Samuel Mayes Arnell


Reconstruction legislator and congressman Samuel M. Arnell was born at Zion Settlement in Maury County on May 3, 1833. After attending Amherst College, Arnell returned to Tennessee, studied law, and practiced in Columbia.

Although a slaveholder, Arnell sided with the Union during the Civil War and traversed Middle Tennessee urging Tennesseans to maintain their allegiance to the United States. His relentless, vocal opposition to the Confederacy earned him many enemies, forcing him to flee to Nashville for safety. A Whig before the war, Arnell subsequently became a Radical Republican and represented Lewis, Maury, and Williamson Counties in the Tennessee General Assembly of 1865-66. Arnell wrote and introduced two franchise bills to prevent ex-Confederates from voting in state and national elections; they were signed into law in June 1865 and May 1866.

In the fall of 1865, after a disputed election in Tennessee's Sixth Congressional District between Arnell and Dorsey B. Thomas, Governor William G. Brownlow awarded the election certificate to Arnell. He remained in Congress until 1871, having chaired the Committee on Expenditures in the Department of State and served on the Committee on Education and Labor. The Arnell family continued to live in Washington, D.C., for a few years before returning to Columbia. From 1879 to 1885, Arnell served as the Columbia postmaster before becoming Superintendent of Public Schools. At the expiration of his term in 1888, Arnell and his family returned to Washington, D.C., until 1894, when his declining health forced them to move to Johnson City. He died there on July 20, 1903.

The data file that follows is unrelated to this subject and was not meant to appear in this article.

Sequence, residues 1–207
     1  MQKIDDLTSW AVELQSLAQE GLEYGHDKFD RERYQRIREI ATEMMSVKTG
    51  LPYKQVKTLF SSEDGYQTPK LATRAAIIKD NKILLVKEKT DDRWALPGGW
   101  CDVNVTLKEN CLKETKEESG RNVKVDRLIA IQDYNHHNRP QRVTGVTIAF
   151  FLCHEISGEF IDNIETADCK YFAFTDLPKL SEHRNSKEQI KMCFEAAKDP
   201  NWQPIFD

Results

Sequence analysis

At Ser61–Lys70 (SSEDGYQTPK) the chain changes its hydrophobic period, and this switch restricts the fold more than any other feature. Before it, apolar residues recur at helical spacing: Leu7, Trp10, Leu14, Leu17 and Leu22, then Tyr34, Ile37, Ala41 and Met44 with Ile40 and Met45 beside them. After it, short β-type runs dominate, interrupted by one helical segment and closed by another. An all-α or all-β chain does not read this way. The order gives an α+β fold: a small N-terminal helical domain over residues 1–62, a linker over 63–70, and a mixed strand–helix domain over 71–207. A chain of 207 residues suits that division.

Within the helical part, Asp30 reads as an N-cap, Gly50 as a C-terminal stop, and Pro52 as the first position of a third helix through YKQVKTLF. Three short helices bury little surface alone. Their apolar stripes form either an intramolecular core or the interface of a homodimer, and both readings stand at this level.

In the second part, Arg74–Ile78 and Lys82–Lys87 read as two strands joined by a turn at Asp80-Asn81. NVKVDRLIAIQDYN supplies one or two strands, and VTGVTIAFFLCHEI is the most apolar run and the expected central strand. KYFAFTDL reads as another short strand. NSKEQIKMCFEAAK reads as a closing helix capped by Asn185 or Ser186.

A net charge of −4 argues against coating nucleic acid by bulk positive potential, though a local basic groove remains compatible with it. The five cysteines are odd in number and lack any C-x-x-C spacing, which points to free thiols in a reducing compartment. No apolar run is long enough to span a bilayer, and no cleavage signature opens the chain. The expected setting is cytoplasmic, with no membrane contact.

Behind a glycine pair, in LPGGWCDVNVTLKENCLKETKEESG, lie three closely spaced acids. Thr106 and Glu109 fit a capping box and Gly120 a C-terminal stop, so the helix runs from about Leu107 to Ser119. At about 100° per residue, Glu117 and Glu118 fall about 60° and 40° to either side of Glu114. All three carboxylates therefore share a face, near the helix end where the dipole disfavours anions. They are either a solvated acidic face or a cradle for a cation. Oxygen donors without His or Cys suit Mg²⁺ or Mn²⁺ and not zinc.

Suggested Reading

Kathleen R. Zebley, “Unconditional Unionist: Samuel Mayes Arnell and Reconstruction in Tennessee,” Tennessee Historical Quarterly 53 (1994): 246-59

Citation Information

The following information is provided for citations.

  • Article Title Samuel Mayes Arnell
  • Coverage 1833-1903
  • Author
  • Website Name Tennessee Encyclopedia
  • URL
  • Access Date July 24, 2024
  • Publisher Tennessee Historical Society
  • Original Published Date
  • Date of Last Update March 1, 2018